Saturday, July 19, 2008

Question of the Week #27: Happy Loving Couples

Happy loving couples make it look so easy
Happy loving couples always talk so kind
Until the time that I can do my dancing with a partner
Those happy couples ain't no friends of mine

- Joe Jackson

Dear Faithful Reader,

Have you ever had someone tell you they have never had a fight with their partner? I can imagine most people’s reaction: “Yeah, right.” It seems like no relationship is immune to conflict.

The other day one of my friends told me about an angry episode he and his wife went through. They had some loud words, talked it out, and by the next morning things were back to normal. Which is what struck me – “normal” for this couple is to not fight. They are a happy loving couple who have been together for decades, they support each other in big ways and small, and the bumps in the road are few and far between.

So why is it that even the strongest marriages have the occasional rough patch? Have you seen happy loving couples turn unhappy? Where do those outbursts come from? Are these the same sort of stresses that rockier relationships seem to deal with all the time ... but it’s just that some couples deal with them less frequently? Or are the reasons different?

I’d love to hear your take on this.

All the best,

P.S. I’m running low on questions for Dismaying Stories. Okay, really low. Quite understandably people stopped writing in when I took a break from posting. But now it’s time to stoke the fires, crank up the presses, get those fingers tapping on keyboards. Do you know someone with a relationship? (...he asked with tongue in cheek...) If so, why don’t you drop them a line, suggest they visit To Love, Honor, and Dismay and submit a question. After all, that’s where all the action comes from on this site. Thanks in advance!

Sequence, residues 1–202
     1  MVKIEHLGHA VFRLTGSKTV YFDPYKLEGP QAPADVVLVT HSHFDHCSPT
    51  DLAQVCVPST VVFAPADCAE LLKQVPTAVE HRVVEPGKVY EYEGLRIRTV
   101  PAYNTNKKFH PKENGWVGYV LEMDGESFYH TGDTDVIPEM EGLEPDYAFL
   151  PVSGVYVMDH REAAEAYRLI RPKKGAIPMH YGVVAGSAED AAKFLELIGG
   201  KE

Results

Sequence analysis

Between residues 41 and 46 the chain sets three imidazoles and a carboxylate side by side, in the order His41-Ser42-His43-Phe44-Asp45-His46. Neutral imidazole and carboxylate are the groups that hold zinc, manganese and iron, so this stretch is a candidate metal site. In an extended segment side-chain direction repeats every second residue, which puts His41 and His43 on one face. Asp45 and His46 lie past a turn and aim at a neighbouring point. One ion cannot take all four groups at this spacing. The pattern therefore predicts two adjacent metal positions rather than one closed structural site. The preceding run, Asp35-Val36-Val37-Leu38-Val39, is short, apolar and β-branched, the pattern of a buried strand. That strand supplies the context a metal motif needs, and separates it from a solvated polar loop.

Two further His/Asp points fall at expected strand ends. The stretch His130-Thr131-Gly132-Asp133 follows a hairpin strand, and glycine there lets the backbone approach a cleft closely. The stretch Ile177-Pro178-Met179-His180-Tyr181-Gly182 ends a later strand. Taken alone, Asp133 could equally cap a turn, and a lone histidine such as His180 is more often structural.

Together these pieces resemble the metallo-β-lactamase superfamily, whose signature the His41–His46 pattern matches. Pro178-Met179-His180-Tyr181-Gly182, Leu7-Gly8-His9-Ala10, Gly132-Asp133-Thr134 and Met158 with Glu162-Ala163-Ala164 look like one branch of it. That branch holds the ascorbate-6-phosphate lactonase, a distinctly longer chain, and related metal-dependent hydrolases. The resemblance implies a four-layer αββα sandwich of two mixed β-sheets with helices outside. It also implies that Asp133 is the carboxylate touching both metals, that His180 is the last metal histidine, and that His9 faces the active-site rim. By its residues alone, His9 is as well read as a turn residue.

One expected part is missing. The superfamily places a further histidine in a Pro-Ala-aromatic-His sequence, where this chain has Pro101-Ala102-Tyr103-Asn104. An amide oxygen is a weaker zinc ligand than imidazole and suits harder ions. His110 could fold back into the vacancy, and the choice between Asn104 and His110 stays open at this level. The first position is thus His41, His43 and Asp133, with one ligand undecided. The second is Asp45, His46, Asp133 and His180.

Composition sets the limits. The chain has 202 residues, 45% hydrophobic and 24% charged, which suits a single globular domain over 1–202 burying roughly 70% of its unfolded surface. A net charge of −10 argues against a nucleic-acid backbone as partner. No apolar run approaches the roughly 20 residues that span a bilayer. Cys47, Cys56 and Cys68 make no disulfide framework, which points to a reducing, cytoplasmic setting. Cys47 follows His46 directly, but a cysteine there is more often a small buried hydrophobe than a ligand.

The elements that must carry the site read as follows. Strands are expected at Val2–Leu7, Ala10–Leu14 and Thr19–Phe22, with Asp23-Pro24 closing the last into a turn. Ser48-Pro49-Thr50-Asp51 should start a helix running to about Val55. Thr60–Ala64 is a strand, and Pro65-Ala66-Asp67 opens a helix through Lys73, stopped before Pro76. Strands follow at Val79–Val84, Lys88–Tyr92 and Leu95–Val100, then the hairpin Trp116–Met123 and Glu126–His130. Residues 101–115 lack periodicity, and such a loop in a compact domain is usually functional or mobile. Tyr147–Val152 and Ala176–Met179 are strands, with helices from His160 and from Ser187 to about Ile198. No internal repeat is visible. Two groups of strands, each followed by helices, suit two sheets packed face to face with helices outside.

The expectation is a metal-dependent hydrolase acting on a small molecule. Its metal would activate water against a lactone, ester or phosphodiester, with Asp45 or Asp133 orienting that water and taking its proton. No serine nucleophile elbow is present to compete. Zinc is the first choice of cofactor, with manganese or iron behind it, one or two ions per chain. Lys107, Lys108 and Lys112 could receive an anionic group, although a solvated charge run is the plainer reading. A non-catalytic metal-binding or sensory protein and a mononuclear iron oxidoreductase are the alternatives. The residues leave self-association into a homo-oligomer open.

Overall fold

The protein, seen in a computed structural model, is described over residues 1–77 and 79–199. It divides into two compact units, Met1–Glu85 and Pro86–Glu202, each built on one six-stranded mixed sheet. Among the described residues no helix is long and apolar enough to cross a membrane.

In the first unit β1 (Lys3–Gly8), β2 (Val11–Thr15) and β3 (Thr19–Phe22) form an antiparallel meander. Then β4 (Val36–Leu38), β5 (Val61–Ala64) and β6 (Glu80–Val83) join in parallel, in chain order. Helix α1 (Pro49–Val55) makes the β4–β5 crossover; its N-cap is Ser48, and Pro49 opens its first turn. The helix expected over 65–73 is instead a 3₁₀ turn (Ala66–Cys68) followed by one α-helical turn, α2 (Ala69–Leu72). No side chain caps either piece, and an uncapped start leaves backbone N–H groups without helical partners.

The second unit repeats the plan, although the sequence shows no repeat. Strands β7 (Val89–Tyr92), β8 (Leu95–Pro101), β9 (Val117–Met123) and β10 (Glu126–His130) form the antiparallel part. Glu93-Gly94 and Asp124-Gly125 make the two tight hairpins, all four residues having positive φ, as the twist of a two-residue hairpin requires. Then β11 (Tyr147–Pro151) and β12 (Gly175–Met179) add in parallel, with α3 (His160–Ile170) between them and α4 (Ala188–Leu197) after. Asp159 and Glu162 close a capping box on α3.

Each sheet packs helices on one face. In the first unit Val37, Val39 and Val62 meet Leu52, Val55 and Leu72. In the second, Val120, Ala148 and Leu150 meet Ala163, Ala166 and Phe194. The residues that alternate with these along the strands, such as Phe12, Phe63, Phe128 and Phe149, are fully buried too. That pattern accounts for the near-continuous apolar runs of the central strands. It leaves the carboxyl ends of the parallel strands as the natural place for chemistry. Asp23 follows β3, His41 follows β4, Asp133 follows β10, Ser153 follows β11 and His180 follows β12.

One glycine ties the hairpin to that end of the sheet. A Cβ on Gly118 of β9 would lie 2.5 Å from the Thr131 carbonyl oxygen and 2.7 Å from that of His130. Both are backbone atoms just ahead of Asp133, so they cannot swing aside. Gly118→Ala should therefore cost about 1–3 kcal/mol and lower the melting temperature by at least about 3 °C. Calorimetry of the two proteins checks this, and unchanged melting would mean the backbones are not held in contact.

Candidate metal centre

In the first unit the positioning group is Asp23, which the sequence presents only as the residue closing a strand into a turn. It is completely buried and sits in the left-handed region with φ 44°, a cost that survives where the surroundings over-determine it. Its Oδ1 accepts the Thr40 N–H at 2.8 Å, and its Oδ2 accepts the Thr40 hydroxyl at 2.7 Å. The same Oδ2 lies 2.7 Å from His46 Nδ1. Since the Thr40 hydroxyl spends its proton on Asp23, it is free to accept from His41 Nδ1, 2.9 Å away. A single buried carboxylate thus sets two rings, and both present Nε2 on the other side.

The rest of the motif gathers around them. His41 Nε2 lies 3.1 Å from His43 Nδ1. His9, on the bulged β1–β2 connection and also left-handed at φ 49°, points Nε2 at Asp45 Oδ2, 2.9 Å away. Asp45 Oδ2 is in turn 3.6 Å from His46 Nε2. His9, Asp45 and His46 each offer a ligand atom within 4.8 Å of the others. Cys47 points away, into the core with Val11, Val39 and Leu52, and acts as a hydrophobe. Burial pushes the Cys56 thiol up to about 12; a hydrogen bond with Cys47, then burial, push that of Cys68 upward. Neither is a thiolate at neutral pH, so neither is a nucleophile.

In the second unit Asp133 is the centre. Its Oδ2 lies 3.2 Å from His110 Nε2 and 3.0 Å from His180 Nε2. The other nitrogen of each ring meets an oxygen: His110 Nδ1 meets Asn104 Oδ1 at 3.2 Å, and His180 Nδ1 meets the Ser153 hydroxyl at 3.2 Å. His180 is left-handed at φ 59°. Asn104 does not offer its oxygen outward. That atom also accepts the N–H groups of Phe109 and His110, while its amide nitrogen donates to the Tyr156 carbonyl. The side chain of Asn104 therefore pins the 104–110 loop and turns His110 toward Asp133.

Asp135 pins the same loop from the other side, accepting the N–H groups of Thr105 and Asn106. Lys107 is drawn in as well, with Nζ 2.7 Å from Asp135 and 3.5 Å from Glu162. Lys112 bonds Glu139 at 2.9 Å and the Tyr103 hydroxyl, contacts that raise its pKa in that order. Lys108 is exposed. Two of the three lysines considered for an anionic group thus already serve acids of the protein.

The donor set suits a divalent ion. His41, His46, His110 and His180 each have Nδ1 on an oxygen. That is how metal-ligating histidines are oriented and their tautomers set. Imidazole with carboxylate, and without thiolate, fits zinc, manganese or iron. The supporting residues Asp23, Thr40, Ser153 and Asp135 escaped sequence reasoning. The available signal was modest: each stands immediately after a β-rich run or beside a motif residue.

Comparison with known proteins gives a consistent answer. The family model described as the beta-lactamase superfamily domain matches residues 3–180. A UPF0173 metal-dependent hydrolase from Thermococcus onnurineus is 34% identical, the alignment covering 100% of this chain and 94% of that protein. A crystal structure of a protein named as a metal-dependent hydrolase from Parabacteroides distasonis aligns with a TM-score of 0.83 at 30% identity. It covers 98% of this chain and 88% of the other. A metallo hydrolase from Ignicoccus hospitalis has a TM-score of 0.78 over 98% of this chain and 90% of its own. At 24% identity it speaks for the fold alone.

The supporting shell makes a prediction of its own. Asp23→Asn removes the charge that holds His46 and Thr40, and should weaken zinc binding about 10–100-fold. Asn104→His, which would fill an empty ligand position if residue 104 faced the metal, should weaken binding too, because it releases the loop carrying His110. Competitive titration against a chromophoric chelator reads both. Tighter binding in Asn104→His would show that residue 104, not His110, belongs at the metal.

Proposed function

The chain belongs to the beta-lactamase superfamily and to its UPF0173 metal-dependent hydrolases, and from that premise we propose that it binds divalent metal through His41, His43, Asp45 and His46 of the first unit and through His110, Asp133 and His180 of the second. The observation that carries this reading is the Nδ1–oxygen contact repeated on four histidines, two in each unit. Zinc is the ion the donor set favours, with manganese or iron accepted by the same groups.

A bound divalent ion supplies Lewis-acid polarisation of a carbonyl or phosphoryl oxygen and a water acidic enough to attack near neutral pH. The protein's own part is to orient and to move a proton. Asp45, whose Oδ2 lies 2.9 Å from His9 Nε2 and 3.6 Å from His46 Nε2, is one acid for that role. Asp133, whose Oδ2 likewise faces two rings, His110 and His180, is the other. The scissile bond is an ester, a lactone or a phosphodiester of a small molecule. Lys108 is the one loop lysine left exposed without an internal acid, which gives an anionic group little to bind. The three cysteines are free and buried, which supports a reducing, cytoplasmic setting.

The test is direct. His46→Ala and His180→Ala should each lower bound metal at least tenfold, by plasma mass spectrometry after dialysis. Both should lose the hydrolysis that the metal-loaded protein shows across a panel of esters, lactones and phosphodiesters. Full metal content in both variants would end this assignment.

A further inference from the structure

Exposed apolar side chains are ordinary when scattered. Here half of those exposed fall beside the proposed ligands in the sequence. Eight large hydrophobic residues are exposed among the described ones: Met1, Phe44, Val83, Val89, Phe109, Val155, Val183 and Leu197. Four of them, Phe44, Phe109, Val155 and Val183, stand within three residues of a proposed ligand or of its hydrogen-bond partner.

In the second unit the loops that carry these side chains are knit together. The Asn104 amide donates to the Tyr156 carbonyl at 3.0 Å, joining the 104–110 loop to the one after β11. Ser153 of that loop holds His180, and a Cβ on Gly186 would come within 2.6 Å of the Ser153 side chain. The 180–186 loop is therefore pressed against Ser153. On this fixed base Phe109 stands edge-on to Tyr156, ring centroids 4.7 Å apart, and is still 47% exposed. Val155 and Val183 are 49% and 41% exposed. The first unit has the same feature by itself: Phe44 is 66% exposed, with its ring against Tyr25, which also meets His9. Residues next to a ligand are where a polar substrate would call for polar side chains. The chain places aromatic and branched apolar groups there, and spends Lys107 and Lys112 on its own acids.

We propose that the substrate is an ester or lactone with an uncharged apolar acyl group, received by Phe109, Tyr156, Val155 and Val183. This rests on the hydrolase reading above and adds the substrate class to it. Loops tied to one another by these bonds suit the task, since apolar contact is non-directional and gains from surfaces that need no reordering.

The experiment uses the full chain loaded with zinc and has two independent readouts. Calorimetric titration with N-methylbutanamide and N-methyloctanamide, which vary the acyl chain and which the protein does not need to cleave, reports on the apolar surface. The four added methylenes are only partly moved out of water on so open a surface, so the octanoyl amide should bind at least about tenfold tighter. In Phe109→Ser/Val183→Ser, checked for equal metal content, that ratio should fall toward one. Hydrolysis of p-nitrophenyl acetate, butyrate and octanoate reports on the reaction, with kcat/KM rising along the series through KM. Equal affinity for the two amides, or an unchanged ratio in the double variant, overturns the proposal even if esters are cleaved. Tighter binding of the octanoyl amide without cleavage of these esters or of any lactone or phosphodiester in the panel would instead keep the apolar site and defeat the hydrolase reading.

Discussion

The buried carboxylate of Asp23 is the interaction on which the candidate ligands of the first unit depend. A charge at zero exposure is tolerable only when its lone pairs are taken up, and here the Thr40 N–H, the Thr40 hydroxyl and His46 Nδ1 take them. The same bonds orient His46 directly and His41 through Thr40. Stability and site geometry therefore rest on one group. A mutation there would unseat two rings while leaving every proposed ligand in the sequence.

1. "Normal" is an interesting word. We live in an apartment building and our unit faces an alley. On the other side of the alley is a married couple with a lot of kids. They have knock-down, drag out fights all within earshot of pretty much every unit on our side of the building. I often wonder why they don't take it inside; especially since their arguments are pretty nasty (lots of name-calling). I decided that they think it's "normal" to argue like that. :) As for those who don't argue, I suspect that there's something wrong. I mean, how can you not disagree about anything? Living together, sharing responsibilities, etc. Or is it that I just think that a fight now and again is "normal"?

  2. It seems occasional bickering is part of every relationship... You can love somone to pieces and still get ticked off if they let gas pass...

  3. My grandparents fought constantly for the nearly fifty years they were married. In fact, they fought so much that I didn't want to go see them when I was a child. They were loud, always shouting at one another, and seemed constantly angry. I was a teenager before I realized they actually enjoyed fighting. Further more, shortly before my grandfather died, I discovered that they were very much in love. And, strangely, they called each other friend.

    Go figure.

    I don't know if we're normal or not, but in the twenty-four years my husband and I have been together, we've had our occasional arguments both big and small, bickering and hashing out differences. We both dislike fighting a great deal, but an atmosphere of unspoken tensions is worse. We'd rather use our words.

    Our topics are prettty standard: Money is the one that rears its head most often, followed closely by child rearing philosophies. There are other less-often visted topics, but those are the top two.

    I've known couples who claim they never argue. What I've seen in action is more of a matter of a different problem solving style. They choose neutral language and take lots of time outs (sometimes days) to work through differences. It looks to me like it works. *Shrugs*

  4. Anonymous7:09 AM